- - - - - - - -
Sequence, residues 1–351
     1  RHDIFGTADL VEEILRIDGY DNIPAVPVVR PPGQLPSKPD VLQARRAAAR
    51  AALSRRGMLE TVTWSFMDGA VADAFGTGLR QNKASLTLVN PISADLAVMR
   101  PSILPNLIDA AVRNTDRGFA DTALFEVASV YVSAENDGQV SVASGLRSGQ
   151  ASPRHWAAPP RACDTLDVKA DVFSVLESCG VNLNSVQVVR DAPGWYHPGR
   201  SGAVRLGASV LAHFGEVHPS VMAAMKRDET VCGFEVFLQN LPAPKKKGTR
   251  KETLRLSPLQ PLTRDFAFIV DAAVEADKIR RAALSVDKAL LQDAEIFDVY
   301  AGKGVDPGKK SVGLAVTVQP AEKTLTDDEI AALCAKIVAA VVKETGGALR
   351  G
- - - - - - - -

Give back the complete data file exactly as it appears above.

Sequence, residues 1–351
     1  RHDIFGTADL VEEILRIDGY DNIPAVPVVR PPGQLPSKPD VLQARRAAAR
    51  AALSRRGMLE TVTWSFMDGA VADAFGTGLR QNKASLTLVN PISADLAVMR
   101  PSILPNLIDA AVRNTDRGFA DTALFEVASV YVSAENDGQV SVASGLRSGQ
   151  ASPRHWAAPP RACDTLDVKA DVFSVLESCG VNLNSVQVVR DAPGWYHPGR
   201  SGAVRLGASV LAHFGEVHPS VMAAMKRDET VCGFEVFLQN LPAPKKKGTR
   251  KETLRLSPLQ PLTRDFAFIV DAAVEADKIR RAALSVDKAL LQDAEIFDVY
   301  AGKGVDPGKK SVGLAVTVQP AEKTLTDDEI AALCAKIVAA VVKETGGALR
   351  G